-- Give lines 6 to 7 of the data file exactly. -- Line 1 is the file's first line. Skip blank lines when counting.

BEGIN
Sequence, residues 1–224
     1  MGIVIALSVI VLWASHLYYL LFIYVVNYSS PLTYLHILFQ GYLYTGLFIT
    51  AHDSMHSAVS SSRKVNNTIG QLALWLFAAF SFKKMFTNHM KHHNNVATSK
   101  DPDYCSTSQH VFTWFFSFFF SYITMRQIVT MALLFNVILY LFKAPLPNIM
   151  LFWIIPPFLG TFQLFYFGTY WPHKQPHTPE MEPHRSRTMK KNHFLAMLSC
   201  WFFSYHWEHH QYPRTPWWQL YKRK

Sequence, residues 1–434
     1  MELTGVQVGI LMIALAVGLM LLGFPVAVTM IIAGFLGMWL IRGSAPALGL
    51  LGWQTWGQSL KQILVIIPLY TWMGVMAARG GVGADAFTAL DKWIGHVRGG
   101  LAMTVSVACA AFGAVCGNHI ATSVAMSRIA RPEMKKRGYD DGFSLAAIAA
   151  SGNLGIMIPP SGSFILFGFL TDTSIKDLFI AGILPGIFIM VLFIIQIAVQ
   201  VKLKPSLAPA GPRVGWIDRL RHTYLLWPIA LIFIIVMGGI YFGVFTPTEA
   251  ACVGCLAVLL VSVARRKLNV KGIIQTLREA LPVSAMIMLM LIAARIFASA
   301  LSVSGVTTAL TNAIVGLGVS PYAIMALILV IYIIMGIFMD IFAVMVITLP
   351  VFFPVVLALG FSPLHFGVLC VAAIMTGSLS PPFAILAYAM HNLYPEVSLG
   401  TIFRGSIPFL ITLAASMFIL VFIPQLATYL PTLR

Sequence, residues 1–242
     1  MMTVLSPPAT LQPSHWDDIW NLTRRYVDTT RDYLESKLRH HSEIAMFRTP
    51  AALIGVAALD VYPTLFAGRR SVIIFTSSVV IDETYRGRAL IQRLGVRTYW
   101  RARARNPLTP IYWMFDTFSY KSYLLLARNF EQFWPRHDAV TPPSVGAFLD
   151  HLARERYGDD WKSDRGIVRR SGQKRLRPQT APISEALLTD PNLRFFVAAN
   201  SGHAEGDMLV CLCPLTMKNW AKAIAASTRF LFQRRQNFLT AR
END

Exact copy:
   201  WFFSYHWEHH QYPRTPWWQL YKRK

Sequence, residues 1–434